Rima redefines her refugee identity after attending a beauty training

Mafraq, 6 July 2017 - Pulling her young daughter, Naya*, into her lap, Rima* gently weaves intricate plaits into the 3-year-old’s hair. Naya’s initial excitement is short lived, though; she soon loses patience and scrambles off, shaking her hair loose again. “She never sits still,” Rima laughs, resignedly.

Rima fled her home in Homs, Syria, in 2013. She arrived in Mafraq, Jordan, with none of her family, friends or possessions, to a place where her status as ‘refugee’ would continue to define her daily life.

Rima with her son.“I have finally found something for myself. I have found a new identity and I couldn’t be more excited.” Photo: ICMC/ N. Banks “When I was younger I wanted to Rule the World,” she jokes. “When we arrived in Jordan I was a refugee…I had nothing for myself.”

Rima knew she had potential, but her situation made it difficult for her to explore opportunities. It wasn’t until she learned about ICMC’s beauty course that she saw an opportunity for growth. ICMC’s 150-hour beauty program, with courses in haircare, make-up and beauty therapy, allowed Rina to have access to a new world of skills. She is particularly proud of her talents in threading.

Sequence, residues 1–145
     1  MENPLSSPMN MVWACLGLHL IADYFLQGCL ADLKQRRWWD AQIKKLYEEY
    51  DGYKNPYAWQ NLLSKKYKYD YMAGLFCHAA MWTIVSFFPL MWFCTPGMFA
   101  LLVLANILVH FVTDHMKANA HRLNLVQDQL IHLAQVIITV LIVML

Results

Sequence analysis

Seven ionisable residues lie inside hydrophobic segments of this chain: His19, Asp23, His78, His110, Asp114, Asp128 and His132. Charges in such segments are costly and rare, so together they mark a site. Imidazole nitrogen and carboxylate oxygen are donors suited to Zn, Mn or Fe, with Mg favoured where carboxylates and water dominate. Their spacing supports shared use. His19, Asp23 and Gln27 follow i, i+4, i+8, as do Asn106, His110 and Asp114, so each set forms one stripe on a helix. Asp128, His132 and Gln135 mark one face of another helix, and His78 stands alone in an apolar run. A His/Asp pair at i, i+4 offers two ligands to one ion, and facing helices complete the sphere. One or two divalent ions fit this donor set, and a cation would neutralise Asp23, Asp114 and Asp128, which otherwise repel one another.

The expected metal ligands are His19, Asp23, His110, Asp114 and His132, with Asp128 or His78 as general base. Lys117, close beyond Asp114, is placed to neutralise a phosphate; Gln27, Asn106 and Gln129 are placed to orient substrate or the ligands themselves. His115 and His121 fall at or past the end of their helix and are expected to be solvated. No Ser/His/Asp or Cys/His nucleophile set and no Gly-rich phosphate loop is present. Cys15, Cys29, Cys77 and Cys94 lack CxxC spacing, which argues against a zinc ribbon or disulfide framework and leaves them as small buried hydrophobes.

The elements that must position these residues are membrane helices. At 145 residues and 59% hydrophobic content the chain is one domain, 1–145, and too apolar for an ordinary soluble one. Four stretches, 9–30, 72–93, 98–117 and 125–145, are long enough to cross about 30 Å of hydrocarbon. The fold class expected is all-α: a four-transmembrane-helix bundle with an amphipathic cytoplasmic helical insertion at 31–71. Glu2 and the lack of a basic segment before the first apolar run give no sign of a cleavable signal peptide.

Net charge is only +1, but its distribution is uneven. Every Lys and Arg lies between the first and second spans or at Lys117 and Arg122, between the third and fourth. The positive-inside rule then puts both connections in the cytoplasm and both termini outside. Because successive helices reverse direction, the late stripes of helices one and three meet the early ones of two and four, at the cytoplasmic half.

“I enjoyed it all but was particularly good at eyebrows,” she notes. “I do all of my neighbor’s eyebrows.”

Not only is Rima making a name for herself as the resident beautician in her neighborhood, she also made new friends with the other women who attended the beauty course. She explains, “I also have a new community. I made friends on the ICMC beauty course. Not just friends, best friends. We want to open up a salon together.”

Rima’s sense of self-worth has improved and she is keen for further personal and professional development. She hopes to take more courses with a focus on “waxing, nails and more complex hair techniques.”

Rima says she feels grateful for her sense of empowerment that ICMC helped her achieve and for the sense of independence that allows her to achieve something for herself. She now has new skills which she hopes will bring her an income. She has also grown her supportive network, which in turn has decreased the feelings of social isolation that she felt when she first arrived in Jordan. Perhaps most importantly, the ICMC courses have enabled Rina to redefine herself as more than just a ‘refugee’.

“I have finally found something for myself. I have found a new identity and I couldn’t be more excited.”

 

*All names have been changed to protect the identity of the beneficiaries.